There's a problem in the reservoirs of the Illinois River. The population of Asian carp, an invasive species, has exploded, and due in part to their habit of jumping from the water when boats approach, these fish have become a real nuisance. Enter Chris Brackett of Brackett Outdoors, based in Mapleton, Illinois. Brackett has perfected a method of shooting leaping fish with a bow from a boat moving at high speed. Brackett and his team coined the term "extreme aerial bowfishing," and the sport is catching on.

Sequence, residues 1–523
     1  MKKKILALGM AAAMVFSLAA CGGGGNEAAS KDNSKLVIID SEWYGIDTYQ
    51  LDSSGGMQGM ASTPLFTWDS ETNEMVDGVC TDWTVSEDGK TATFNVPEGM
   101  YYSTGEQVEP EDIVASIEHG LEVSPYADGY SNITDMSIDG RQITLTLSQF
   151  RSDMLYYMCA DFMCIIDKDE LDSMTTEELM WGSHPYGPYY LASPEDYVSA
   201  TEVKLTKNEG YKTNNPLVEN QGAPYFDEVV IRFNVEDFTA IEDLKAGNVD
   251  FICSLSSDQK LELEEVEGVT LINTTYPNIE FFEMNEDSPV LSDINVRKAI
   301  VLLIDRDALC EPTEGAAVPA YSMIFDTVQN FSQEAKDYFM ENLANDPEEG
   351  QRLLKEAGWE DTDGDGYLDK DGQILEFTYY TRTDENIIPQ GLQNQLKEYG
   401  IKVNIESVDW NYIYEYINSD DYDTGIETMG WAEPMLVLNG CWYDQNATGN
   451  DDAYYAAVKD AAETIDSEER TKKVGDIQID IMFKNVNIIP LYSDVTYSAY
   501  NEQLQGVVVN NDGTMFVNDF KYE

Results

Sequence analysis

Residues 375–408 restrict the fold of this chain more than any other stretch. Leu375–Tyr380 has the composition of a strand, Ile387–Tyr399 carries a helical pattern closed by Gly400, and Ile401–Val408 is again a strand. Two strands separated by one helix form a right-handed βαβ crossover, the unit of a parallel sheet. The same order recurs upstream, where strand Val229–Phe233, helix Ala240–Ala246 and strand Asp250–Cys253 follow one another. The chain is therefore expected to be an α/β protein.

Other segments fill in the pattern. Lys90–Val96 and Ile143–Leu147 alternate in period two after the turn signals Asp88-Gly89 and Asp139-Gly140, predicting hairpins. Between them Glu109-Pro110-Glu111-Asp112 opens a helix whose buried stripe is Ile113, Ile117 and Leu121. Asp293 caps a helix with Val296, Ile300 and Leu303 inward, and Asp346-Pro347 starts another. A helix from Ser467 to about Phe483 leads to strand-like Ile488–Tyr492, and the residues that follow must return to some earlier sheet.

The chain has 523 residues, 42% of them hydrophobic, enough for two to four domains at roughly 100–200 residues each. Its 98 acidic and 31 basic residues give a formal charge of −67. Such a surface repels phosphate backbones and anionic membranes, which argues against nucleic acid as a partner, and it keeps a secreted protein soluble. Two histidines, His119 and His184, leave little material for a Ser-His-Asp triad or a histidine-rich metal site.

But it's not always all fun and games. The size and number of carp that can take to the air is astounding, and many end up in the boat or collide with shooters onboard. A few laughs and a few bruises seem to be the routine when carp flop in, but sometimes a jumping fish can cause real damage. During a recent DVD shoot, photographer Bill Konway happened to capture the following stills of Brackett's fiance, Jodi Barnes, getting hit in the face with a flying carp. Here's the story of what happened.
In this shot, cameraman Shane Indrebo films in the foreground as Chris Brackett drives the boat and Nicole Jones and Pat Reeves sit in the shooters seats.